Learning About Spina Bifida
Posted Monday, October 19, 2020
01 | Introduction
The human nervous system develops from a small, specialized plate of cells called the neural plate. Early in fetal development, the edges of this plate begin to curl up toward each other, forming the neural tube, which closes to form the brain and spinal cord. If problems occur during this process, it can result in neural tube defects, including spina bifida. Taking 400 mcg of folic acid every day can help prevent the development of spina bifida during pregnancy.
02 | Overview
Spina bifida is an incomplete development of the brain, spinal cord, and/or meninges. It can happen anywhere along the spine and can cause physical and intellectual disabilities. There are three main types of spina bifida:
- Occulta – mildest type that causes a small gap in the spine, but no opening or sac on the patient’s back.
- Meningocele – a sac of fluid comes through an opening in the back, but the spinal cord is not exposed, which reduces the severity of potential nerve damage.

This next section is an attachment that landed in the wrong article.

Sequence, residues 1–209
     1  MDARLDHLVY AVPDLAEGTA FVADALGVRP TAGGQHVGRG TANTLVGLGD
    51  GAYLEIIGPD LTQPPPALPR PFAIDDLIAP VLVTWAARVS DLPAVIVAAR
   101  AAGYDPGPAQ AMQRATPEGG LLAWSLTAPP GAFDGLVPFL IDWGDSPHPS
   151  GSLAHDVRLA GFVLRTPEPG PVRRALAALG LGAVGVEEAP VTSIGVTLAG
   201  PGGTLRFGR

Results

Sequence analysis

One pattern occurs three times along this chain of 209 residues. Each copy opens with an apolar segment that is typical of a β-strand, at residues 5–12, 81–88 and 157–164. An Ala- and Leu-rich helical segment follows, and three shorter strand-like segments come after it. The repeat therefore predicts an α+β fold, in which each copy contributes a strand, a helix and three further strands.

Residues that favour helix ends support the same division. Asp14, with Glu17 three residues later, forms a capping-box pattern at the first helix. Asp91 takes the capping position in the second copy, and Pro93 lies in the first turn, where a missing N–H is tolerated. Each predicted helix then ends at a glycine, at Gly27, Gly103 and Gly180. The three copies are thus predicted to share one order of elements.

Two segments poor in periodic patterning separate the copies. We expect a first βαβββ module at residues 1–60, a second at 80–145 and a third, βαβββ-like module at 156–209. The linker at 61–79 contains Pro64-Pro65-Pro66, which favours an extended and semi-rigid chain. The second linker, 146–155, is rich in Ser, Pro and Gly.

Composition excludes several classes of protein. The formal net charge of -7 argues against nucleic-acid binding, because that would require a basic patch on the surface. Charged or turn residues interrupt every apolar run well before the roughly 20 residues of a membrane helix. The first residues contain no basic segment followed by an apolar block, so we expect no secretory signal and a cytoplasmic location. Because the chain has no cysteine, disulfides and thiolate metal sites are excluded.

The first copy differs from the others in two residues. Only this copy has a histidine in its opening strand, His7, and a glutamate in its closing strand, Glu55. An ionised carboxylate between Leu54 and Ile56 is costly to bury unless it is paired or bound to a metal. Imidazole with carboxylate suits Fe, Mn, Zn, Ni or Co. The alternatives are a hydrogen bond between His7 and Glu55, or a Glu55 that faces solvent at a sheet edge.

- Myelomeningocele – the most serious form of spina bifida, where the spinal cord/neural elements are exposed through an opening in the back, resulting in severe symptoms, including paralysis.
03 | Diagnosis & Treatment
Spina bifida can be diagnosed during pregnancy by means of Alpha Fetoprotein (AFP) test, ultrasound or amniocentesis. If not found during pregnancy, It may be discovered immediately after birth. Spina Bifida Occulta, the mildest form, may not be diagnosed until late childhood or adulthood, and in some cases, it is never diagnosed. Treatment will vary depending on the severity of the patient’s case:
- Fetal surgery to repair myelomeningocele.
- Neonatal surgery to repair the opening of the back after the baby is born.
- Shunt insertion for hydrocephalus caused by spina bifida.
- Physical therapy to increase strength and mobility.
For more information on spina bifida, please click here.